An epidemic of hepatitis E is spreading through Burkina Faso. Between July 2020 and January 2021, MSF teams in the city of Barsalogho treated 730 people for yellow jaundice symptoms. Most were confirmed with having hepatitis E, a disease usually spread through contaminated drinking water. While symptoms are often mild, it is particularly dangerous for pregnant and breastfeeding women, causing complications and sometimes death.
Getting hold of clean drinking water is a major issue in Burkina Faso, especially for the more than one million people displaced from their homes by insecurity and scarce resources, says MSF epidemiologist Brama Diarra, who calls for a concerted effort to meet these communities’ needs.
What does the hepatitis E epidemic tell us about the humanitarian situation in Burkina Faso?
“The hepatitis E epidemic shows how difficult it is for people to get hold of clean drinking water. Our teams have identified various risk factors. These include a shortage of latrines, leading to people defecating in the open; a complete lack of the equipment needed to store and supply homes with drinking water; and a lack of soap, meaning people don’t wash their hands often enough. People also have limited access to medical care, so often resort to traditional medicine and obtaining medicines on the street.
The health hazards greatly increase in areas where displaced people live. There are too few water points, leading to a high population density around wells and other water sources. The water points are often unsanitary, encouraging the spread of parasitic infections and waterborne diseases such as hepatitis E, as well as cholera and various types of diarrhoea.
There is a lack of sanitation infrastructure and insufficient hygiene at all levels. Improving the living conditions of these communities, through better access to water, sanitation and hygiene, is therefore crucial. It is essential for preventing the spread of epidemics and waterborne diseases.
The situation in the city of Barsalogho is particularly severe. Very few people have adequate access to water, sanitation and hygiene facilities: just 34% have access to standard-quality water, 22% to safe and functional latrines and 35% have taken part in hygiene awareness and promotion programmes. Aid organisations need to organise themselves to tackle people’s immense unmet needs.
Other factors also increase the likelihood of epidemics, such as poor housing conditions. Many people live in overcrowded shelters in close proximity to domestic animals. Our teams monitor them closely for meningitis, measles, tuberculosis and COVID-19, depending on the season. We are also concerned that the dry and dusty Harmattan wind causes lung diseases, which can lead to more serious forms of COVID-19, increasing people’s risk of death.”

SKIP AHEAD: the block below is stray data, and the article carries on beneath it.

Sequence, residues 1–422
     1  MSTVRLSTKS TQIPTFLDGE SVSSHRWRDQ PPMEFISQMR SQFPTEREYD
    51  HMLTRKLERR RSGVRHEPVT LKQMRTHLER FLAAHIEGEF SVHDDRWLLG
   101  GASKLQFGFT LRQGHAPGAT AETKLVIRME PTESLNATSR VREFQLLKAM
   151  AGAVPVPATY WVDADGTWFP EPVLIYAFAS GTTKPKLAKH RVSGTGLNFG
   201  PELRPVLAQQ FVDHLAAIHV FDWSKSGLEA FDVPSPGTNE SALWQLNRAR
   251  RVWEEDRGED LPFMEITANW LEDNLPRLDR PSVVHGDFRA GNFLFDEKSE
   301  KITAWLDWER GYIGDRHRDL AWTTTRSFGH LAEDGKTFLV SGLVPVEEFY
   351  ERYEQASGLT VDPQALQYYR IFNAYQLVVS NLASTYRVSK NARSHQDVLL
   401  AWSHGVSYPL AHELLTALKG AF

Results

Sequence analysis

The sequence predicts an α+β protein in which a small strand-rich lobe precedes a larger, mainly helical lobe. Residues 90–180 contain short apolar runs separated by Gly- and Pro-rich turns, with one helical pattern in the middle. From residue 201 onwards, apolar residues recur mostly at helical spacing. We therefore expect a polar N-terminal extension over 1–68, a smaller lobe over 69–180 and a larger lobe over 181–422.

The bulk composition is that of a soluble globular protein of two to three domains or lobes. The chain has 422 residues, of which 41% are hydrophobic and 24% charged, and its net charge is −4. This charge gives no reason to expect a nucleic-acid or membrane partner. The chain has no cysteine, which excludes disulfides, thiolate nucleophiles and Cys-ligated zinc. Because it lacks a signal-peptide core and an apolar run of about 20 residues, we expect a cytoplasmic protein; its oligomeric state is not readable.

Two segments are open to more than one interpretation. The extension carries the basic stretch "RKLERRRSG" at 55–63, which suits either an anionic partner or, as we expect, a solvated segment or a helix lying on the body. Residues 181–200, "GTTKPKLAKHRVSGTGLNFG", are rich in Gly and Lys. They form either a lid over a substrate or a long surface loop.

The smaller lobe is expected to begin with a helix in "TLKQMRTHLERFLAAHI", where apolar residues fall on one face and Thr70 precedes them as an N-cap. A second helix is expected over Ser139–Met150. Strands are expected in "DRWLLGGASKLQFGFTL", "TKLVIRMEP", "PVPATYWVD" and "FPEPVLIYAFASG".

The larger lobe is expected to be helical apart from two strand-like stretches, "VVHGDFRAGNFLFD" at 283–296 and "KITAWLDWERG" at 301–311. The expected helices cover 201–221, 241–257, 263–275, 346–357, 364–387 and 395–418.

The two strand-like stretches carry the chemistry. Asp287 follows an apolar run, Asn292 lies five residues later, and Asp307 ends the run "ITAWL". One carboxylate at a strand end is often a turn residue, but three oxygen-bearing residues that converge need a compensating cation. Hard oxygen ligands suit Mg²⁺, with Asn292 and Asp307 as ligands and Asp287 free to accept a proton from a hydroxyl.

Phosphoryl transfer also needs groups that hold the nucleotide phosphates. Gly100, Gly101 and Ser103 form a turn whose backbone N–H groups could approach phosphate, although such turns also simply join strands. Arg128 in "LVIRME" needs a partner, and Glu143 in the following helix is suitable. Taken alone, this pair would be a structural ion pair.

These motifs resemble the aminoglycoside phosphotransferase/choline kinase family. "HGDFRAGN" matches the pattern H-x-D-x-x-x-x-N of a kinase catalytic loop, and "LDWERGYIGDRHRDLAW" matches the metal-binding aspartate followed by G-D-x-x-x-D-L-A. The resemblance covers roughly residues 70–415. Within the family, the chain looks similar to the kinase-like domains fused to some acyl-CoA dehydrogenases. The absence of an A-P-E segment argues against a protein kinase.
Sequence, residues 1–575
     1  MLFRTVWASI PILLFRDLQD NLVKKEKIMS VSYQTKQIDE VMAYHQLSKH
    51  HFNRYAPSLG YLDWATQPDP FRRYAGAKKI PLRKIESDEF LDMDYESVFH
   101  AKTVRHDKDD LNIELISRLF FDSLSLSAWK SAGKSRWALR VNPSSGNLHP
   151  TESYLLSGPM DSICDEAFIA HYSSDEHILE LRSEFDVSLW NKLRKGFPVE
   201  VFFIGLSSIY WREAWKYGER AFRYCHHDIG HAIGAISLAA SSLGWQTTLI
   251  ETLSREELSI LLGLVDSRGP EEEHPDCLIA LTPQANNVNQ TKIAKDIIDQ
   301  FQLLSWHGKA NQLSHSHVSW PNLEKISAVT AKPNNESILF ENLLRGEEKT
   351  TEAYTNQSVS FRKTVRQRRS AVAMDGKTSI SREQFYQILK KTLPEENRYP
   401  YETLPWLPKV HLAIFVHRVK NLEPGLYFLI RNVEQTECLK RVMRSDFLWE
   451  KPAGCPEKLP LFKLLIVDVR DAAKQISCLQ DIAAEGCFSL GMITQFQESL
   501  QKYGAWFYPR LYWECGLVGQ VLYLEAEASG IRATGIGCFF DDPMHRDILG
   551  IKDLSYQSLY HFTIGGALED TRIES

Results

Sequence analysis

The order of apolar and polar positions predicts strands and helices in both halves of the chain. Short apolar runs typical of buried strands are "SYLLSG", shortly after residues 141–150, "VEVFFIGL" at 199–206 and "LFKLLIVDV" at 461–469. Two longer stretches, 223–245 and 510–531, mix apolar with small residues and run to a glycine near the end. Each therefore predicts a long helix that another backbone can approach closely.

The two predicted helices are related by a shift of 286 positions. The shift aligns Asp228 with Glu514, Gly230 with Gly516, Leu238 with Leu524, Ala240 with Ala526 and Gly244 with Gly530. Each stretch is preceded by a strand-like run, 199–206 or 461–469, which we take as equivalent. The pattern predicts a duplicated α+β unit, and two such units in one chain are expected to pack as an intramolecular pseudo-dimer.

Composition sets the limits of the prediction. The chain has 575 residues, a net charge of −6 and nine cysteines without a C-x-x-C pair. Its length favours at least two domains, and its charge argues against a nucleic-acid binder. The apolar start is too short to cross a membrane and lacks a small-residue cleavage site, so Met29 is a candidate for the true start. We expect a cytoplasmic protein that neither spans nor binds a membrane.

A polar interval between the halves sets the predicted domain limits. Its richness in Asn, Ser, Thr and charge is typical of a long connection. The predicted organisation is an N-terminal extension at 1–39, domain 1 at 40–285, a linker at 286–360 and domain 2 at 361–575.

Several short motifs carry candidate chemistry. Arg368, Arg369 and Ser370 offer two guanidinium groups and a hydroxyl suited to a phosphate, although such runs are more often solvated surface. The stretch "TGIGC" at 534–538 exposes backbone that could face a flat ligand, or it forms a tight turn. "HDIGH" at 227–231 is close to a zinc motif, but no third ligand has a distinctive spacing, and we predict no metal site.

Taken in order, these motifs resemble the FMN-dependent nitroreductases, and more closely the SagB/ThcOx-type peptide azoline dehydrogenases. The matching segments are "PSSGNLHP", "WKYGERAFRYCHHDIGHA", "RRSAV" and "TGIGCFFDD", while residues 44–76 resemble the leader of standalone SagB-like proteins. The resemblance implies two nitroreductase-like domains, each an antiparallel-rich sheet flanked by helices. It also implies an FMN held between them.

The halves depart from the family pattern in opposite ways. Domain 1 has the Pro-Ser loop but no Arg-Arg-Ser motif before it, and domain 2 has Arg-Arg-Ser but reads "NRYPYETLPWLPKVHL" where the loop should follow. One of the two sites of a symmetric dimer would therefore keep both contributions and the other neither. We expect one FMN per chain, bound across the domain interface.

What is the biggest challenge in responding to an epidemic?
“The biggest challenge in responding to an epidemic is breaking the chains of transmission – ie preventing diseases spreading from ill to healthy people. We put in place preventive measures at three different levels. The first level involves measures to prevent people from getting ill in the first place.
These include vaccinations and any action aimed at reducing risk factors. The World Health Organization recommends vaccinating people in contexts such as this, to reduce the consequences of an epidemic on an already vulnerable population, but the hepatitis E vaccine is not yet validated by the country’s national health authorities and there is no large-scale production of the vaccine.
The second level involves screening and treating high-risk individuals and isolating and treating people who are sick, to prevent the illness from worsening or spreading to healthy people. Good communication is key in ensuring that communities support and comply to these measures. The third level involves preventing infected people from experiencing complications and relapses, which could lead to long-term effects, including permanent disability.
When tackling hepatitis E in Barsalogho, straight away we isolated the people who were infected, treated them and started screening the rest of the community. Community health workers referred more than 470 people to health centres, so reducing the transmission of the illness, at least a little. The people we treated as outpatients and at the health centre, as well as the wider communities, were given advice on hygiene measures and risk factors for hepatitis E.”
How can we reduce the risk of diseases spreading through communities?
“To reduce the risk of diseases spreading, we must promote good practices that help prevent infections as well as conduct disease surveillance activities. Improving disease surveillance mechanisms is also crucial, for example by strengthening community-based surveillance.
During this hepatitis E epidemic, we’ve organised awareness programmes for the communities and worked to improve their access to clean water. We’ve distributed kits containing soap, jerrycans to store water and water purification tablets for household use, because water quality directly impacts people’s health. We’ve also worked with other organisations in the region to collect and sanitise dirty jerrycans. Our teams have also constructed latrines in sites for displaced people.
Yet despite these concerted efforts by several organisations, a lot of work remains to be done to meet the needs of the communities in Barsalogho and elsewhere when it comes to water and sanitation. MSF is foremost a medical organisation, so other organisations must step up to help. Long-term investment in water, sanitation and hygiene activities, as well as coordination between specialist organisations on the ground, are essential for eradicating waterborne diseases, which are one of the leading causes of diseases for which MSF treats people every year.”